100 Years Ago
From November 1917
Aviators lose way, crash at Justin
A flying machine in which two aviators from Hicks Field north of Fort Worth was badly damaged and one of the aviators cut about the face when the machine hit the ground in the Robinson field northwest of Justin between sundown and dark Saturday. The flyers had lost their way on account of the smoky condition of the atmosphere and had also used up their supply of gasoline. While making a landing they were forced to tilt the machine to avoid a fence with the result that the machine hit the ground at an angle completely tearing one wing off and otherwise damaging it. The aviators were carried to Hicks in an automobile and a truck from the camp came up after the machine.
Ad: GONE TO WAR. Mr. S. B. (Preach) Rayzor has joined the U. S. Aviation Corps and I have taken over his interest in the Fritz-Rayzor Motor Co. and will continue to handle the Buick, Oakland, and Oldsmobile. I have also taken the agency for the Franklin and Nash Motor Cars. Geo. Fritz.
County commissioners authorize road map
One of the most important actions at the present session of the Commissioners' Court was taken Monday afternoon when a map of all roads of the county was ordered made. Work will begin at once and a contract for $500 was awarded Charles Schultze of McKinney to make the road map of Denton County. It will show all thoroughfares of the county.
The contract calls for the map to meet the approval of the State Highway Commission before it will be accepted by the Denton County Commissioners. Every road in the county must be shown in order for the county to secure its part of the automobile license money. The county received $3,000 as their half of the fees for the last half of this year and it is said next year's income is expected to be more than twice that amount.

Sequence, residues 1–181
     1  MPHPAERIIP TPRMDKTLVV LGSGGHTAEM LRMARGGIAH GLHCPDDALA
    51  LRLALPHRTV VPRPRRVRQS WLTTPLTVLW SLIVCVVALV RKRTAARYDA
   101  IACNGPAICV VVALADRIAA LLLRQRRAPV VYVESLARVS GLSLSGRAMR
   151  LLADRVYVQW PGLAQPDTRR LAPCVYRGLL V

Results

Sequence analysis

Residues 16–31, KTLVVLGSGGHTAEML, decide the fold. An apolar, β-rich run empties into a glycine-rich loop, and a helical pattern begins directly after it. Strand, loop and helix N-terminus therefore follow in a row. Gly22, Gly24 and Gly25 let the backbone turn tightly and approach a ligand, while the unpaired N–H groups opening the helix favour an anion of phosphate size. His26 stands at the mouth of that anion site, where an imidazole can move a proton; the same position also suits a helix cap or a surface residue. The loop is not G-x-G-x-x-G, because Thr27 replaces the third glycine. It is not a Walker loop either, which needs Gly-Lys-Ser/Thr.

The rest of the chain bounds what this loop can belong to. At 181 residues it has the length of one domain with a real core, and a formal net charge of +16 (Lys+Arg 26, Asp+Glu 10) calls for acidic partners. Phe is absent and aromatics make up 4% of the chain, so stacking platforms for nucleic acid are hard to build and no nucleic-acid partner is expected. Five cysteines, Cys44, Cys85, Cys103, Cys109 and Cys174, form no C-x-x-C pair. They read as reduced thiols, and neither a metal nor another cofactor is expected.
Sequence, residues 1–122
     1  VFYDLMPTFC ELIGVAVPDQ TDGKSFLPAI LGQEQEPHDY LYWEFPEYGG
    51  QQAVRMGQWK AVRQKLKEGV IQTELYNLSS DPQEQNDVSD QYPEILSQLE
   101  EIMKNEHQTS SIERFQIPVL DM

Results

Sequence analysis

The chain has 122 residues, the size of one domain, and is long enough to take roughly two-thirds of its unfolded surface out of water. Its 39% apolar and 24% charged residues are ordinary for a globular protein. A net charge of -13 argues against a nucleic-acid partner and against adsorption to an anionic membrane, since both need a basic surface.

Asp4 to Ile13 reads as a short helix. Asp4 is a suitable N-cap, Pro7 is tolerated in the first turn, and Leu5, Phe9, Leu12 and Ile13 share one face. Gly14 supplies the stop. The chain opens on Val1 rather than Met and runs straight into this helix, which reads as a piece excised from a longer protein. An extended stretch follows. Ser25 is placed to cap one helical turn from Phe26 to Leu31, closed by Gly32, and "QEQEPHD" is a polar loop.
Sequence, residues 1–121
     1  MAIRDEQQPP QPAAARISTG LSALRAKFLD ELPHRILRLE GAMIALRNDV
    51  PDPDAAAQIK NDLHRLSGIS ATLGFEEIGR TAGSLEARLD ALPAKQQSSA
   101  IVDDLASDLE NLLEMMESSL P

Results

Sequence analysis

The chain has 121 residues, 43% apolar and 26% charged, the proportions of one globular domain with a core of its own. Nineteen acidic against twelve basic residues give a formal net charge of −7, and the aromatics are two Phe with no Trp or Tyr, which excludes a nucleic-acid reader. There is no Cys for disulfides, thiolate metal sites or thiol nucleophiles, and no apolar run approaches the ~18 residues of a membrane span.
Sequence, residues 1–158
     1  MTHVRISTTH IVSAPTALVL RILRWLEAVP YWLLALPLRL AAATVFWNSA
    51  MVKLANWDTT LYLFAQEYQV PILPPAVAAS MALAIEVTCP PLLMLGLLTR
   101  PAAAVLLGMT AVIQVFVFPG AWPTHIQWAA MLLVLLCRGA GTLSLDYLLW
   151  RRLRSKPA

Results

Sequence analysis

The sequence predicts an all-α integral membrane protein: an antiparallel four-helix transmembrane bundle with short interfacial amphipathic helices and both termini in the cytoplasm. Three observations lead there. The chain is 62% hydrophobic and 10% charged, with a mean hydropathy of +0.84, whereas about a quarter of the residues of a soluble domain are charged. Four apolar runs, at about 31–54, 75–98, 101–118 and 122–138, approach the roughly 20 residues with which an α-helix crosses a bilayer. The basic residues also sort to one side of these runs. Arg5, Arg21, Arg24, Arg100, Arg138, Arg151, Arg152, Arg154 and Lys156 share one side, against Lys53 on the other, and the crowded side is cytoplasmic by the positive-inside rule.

The Commissioners also granted a request for a new road at Gribble Springs. It will run from the Gribble Springs school house to the Gainesville road near the L. P. Enlow home. It is probable that a new bridge will be built across Clear Creek for the road.
75 Years Ago
From November 1942
Auto registration needed for "A" Ration Books
Everyone in Denton who owns an automobile is going to have to register on Friday and Saturday at the Denton High School in order to get their "A" Ration Book.
For the convenience of the public, a schedule of registration has been worked out in alphabetical order, beginning at 8 a.m. Friday when those whose last names beginning with "A" will register continuing through "M" from 8 a.m. until 5 p.m. The registration will continue on Saturday when those with names beginning "N" through "Z" will register.
All colored people who own automobiles will register at the Fred Douglass School on Friday. Those whose last names begin with "A" through "L" will register Friday morning and those whose last names begin with "M" through "Z" will register Friday afternoon.
Will Williams, chairman of the Denton War Price and Ration Board emphasized that "Passenger automobile owners who show on their applications that they still own more than five tires per automobile will not be issued basic mileage ration books when they register."
Ad: NOTICE! To Our Patrons: Effective Sunday Nov. 21 No Curb Service. Due to the shortage of labor and of other circumstance, over which we have no command, we are forced to discontinue ALL CURB SERVICE! We, the undersigned, ask for your cooperation: Brooks Drug Store, City Drug Store, Curtis Drug Store, Neal Drug Store, Swindle's Pharmacy, Tobin Drug Store.
Citizens urged to invite glider students for Thanksgiving
The Kiwanis Club has inaugurated a move to have the large number of men in the 25th Army Air Forces Glider Training Detachment invited to eat Thanksgiving dinner in Denton homes.